Creating Purposeful Places: is brand, help or hindrance?

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Creating Purposeful Places: is brand, help or hindrance?

7th May 2019


“You don’t change perceptions of a place with advertising. You change people’s perceptions by finding the truth, finding an idea(s) that embraces the truth and putting it through everything.”  Wally Olins


The guru of branding held a strong belief, certainly not shared by all, that nation or place branding was the key to economic growth and creating prosperity; it is a philosophy we at thinkingplace strongly agree with.

Part of the reason this concept is not widely accepted is the ‘b’ word, yes, another one! In many ways brand is a very relevant word to use for a country or place; it allows it to project its values, determine its identity, highlight its assets and demonstrates something people belong to.

However, the problem is that when talking with most stakeholders in a country, city or town brand often conjures up profit not place, commerce not community, logo not legacy, veneer not values and corporate not collaborative. Whilst many of the principles are great for place it just doesn’t sit comfortably with the way many understand and interpret brand.

This challenge is exaggerated by the fact that for lots of places brand has meant a route of logo, advertising and collateral which often hasn’t delivered them the results they hoped for be that greater awareness, engaged stakeholders or more investment enquiries. This can then breed cynicism about, and a disconnect with, anything associated with place and branding.

To go back to Wally Olins where is the truth? What are the forward-looking ideas that will define what a place can become?

When it comes to place, various of the rules are different which is why there is sometimes a brand backlash. A product brand can be developed top down and rolled out; in a place there is a requirement for ownership, ‘buy in’, understanding and simplicity.

This is why from our perspective developing a story sits at the heart of creating a purposeful place. The very act of engaging a broad group of stakeholders in discussing what their place can become is a success in itself; they are being reconnected to their place and beginning the journey of being an advocate for it. A story is the simplest, most accessible way of articulating the distinctiveness of a place, celebrating its assets and highlighting its ambition. Most people are desperate to shout about their place and want it to do well; the story gives them the words to shout about and something to get behind.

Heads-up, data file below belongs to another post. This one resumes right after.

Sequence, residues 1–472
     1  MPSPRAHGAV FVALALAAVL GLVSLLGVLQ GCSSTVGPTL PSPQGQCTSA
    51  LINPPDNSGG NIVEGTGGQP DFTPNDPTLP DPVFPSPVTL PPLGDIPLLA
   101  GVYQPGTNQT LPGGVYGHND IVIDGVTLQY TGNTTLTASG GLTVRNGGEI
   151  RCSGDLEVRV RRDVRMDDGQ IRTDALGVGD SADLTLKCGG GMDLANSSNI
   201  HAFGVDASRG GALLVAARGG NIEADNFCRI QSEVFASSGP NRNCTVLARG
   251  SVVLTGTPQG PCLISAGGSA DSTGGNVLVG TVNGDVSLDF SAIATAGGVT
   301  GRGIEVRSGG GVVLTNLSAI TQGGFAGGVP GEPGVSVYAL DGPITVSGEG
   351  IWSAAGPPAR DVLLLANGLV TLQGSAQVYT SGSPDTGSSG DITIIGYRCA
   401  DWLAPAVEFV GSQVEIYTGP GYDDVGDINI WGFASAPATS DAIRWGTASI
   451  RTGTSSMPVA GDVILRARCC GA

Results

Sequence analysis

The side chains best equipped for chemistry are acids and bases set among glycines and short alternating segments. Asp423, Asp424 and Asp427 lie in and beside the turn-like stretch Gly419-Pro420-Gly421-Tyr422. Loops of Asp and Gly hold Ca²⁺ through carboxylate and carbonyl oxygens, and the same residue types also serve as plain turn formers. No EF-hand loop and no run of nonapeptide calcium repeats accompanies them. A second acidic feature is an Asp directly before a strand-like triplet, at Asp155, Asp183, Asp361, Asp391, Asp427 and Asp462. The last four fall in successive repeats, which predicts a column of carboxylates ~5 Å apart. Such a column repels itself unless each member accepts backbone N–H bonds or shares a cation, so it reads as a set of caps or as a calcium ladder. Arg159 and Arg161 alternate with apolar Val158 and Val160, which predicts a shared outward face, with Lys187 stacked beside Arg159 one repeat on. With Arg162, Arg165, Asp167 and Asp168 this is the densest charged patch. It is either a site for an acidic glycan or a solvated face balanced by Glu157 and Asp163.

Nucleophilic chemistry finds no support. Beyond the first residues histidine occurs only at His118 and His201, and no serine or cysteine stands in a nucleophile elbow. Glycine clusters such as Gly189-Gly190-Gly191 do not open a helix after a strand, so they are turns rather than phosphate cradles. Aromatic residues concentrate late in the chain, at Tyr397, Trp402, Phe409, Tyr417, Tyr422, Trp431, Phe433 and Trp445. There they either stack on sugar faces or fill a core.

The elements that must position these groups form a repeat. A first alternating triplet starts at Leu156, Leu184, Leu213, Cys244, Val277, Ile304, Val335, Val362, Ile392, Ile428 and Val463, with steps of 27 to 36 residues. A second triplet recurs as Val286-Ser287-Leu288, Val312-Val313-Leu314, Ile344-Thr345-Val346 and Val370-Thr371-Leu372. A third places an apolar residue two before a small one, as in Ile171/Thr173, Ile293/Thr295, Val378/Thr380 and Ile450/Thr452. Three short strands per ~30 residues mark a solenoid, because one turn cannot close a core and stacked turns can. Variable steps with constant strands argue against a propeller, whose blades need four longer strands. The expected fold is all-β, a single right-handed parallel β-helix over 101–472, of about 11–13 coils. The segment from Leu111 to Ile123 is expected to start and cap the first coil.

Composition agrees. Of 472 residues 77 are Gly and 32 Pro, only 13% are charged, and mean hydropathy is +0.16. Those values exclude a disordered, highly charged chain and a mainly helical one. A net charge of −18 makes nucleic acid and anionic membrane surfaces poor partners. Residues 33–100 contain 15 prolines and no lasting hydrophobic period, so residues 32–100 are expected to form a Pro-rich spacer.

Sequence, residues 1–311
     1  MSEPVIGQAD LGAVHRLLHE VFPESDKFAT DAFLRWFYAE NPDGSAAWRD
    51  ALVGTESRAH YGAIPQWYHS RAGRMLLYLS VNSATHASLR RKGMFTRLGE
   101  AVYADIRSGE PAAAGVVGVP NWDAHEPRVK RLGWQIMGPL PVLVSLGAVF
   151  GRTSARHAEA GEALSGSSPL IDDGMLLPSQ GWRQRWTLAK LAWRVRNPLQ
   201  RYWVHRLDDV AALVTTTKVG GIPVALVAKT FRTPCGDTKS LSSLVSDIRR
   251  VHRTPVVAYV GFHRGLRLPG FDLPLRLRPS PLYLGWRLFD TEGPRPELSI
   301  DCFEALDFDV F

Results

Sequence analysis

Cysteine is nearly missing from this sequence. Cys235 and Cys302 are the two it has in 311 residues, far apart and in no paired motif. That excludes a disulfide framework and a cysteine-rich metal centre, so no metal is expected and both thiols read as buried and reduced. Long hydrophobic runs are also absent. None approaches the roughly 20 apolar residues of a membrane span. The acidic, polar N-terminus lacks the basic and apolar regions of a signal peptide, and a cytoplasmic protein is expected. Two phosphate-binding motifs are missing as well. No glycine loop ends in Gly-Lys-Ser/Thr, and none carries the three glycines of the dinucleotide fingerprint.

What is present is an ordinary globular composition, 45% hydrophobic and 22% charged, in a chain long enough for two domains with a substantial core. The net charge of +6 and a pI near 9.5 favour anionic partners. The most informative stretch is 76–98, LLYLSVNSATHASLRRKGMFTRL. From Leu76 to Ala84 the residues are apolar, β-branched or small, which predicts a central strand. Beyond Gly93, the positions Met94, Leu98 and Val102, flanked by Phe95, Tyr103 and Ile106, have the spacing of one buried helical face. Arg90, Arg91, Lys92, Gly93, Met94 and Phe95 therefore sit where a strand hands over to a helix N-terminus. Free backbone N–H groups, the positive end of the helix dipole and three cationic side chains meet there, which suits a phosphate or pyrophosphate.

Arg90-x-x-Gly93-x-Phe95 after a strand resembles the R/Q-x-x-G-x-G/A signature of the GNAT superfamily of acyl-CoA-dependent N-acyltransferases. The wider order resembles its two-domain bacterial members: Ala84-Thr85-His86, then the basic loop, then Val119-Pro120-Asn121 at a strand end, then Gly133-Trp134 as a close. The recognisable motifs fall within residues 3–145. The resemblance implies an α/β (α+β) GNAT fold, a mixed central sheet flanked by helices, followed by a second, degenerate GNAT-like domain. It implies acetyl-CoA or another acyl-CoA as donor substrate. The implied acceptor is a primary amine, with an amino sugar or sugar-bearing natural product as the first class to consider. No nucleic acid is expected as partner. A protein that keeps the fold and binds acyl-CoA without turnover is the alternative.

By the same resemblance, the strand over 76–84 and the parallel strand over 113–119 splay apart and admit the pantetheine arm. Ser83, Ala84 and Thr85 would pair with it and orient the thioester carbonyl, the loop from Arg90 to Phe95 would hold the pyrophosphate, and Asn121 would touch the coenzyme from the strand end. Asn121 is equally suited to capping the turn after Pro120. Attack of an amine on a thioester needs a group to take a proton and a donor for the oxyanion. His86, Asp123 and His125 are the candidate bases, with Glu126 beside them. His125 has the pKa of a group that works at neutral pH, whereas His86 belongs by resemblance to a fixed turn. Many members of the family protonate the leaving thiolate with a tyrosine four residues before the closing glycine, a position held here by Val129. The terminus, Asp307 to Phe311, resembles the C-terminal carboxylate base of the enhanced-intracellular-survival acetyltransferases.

In many ways a place can be the ultimate ‘b’ word in that it encompasses communication, product/service, environment and behaviour. The story can influence what the place says, what facilities it develops, its public realm and signage, how it acts and so much more. This place story is the truth and can be played out in myriad scenarios influencing the whole place experience.

The most amazing thing about what is ultimately a combination of place making and place marketing is it energises and excites stakeholders about their place; it gives them the opportunity to come together with others to celebrate success, to explore the art of the possible and share and deliver an ambition.

We see many purposeful places who are changing perceptions and reality. Success to them is a widening of place leadership, organisations and individuals acting as ambassadors for the place, people using their networks and influence to promote the place, being place not organisation led, collaborating across sectors and geographies and being unified in their approach.

Did Coventry win City of Culture 2021 because of advertising; did North Notts create the first place-based Business Improvement District on the back of a logo; did Burnley become Most Enterprising Area in Britain via a slogan?  No!

They used their story to give them confidence, clarity, coherence, collaboration, consistency and celebration. Individuals were inspired, organisations became optimistic and aspirations were achieved. These places and many others have created a movement, momentum and buzz and that can move mountains. Perhaps we just need to redefine the ‘b’ word as a means of creating a purposeful place?


John Till, Director